Golfer turns to ETSU biomechanics lab for prosthetic foot
Jan 24, 2013 at 9:35 AM
Riley Jessee loves to play golf.
And when he lost his right leg during a machinery accident on April 21, 2004, one would think that he would slow down a bit, if not give up the game and sports altogether.
But Jessee persevered and was teeing off at a local golf course on Aug. 15 of that same year with the help of prosthetics.
Working with Victory Orthotics and Prosthetics for six years, Jessee, 84, visited East Tennessee State University’s biomechanics lab Wednesday afternoon, where he tested out different prosthetic options to help him find the right fit to perfect his golf swing.
Dr. Kimi Sato, assistant professor in the exercise and sports science department at ETSU, and his team were one part of the prosthetic fitting Wednesday, as they monitored Jessee’s golf swing with videos and force platforms as he tried on the different prosthetic sockets.
“Basically, what we’re doing is to see which leg fits better for the patient and he’s bringing different types of legs and we are evaluating force production and also center pressure of the swing. If the center pressure distance goes all over the place that means he’s not stable, so we want to see the center pressure as minimal as possible to create his swing consistency,” Sato said. “Center pressure is not the pressure up and down, it’s actually the side to side.”
He said the prosthetics brought in by Victory varied from very rigid to very flexible.
“What we’re trying to capture, especially for the golf swing, the consistency is the key and we’re trying to see the consistency as well as how much force that he can produce and how he can minimize the center pressure,” Sato said. “It was funny that the ... very first one he tried he felt the best and from the visual inspection, as well as the evaluation from the force platform, we can tell that he’s more stable, but his swing speed is a little bit faster.”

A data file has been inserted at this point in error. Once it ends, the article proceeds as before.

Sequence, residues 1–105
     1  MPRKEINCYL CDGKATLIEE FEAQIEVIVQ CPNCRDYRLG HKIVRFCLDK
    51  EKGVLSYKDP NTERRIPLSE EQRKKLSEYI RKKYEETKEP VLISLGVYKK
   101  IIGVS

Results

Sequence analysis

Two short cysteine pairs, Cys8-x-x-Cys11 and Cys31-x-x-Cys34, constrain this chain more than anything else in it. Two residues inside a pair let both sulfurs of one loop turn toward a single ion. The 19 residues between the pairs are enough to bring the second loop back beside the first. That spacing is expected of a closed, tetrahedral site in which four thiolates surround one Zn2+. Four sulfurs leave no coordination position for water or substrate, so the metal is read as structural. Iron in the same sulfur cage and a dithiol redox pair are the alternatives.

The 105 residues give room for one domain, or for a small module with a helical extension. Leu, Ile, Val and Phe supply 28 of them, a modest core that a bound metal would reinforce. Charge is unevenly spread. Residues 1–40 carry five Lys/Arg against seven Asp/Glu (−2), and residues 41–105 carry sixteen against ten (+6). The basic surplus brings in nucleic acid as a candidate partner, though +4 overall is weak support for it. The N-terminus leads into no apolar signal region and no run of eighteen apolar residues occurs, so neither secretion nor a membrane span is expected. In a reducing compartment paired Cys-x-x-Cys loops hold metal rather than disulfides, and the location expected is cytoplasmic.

Jessee stood on the force platform, with golf club in hand, took his teeing-off stance and then swung through, striking the practice golf balls that bounced at random throughout the lab.
As he was swinging, monitors, videos and the platform allowed Sato and his team to analyze and record the data with each prosthetic Jessee used.
“They are using force plate analysis to measure the golf swing and also measure the rotation in his lower extremities, as well as the upper extremities,” Calvin Hoyle, prosthetist from Victory, said.
Hoyle said improvements in prosthetics over the years give patients, like Jessee, “an active ankle, torsion and much more movement into the prosthetic foot itself.”
Hoyle said he and Jessee had been discussing Wednesday’s run through in the lab for three months and they were all excited to see the results.
“He’ll leave today in the trial setup that he has liked the most. He’s been giving us feedback as far as how much motion he has experienced with the foot, comfort and function and then compared to the analysis that he’s getting here at ETSU, he’s going to choose that foot for a trial for the next few weeks and then we’ll finish the product,” Hoyle said. “Anytime we can improve the quality of a person’s life that’s exciting. Plus, not only that, (but) this is going to give us a lot of feedback for future amputee golfers.”
Jessee said he also was having a good time and learned a little bit, too.
“One of the primary reasons was to find me a foot that I could use both in playing golf with and be able to use the same foot just generally in everyday life without ... changing from one socket to the other,” he said. “I believe we’re just about there.”
Admitting his journey, while not all bad, wasn’t the easiest at times, he said his determination was strong.
“You’ve got to set a goal and decide that, you know, you’re going to do (it) even if it’s the impossible, you’re going to make an attempt,” Jessee said. “It’s been a challenge to me to stand up and face reality on occasions ... rather than to just sit down and let it take charge of your life. Between the effort that these people have made that’s working with me, and my desire to overcome, and No. 1 by the grace of God, I’m here swinging a golf club, hopefully, well over a 100 miles an hour swing span.”
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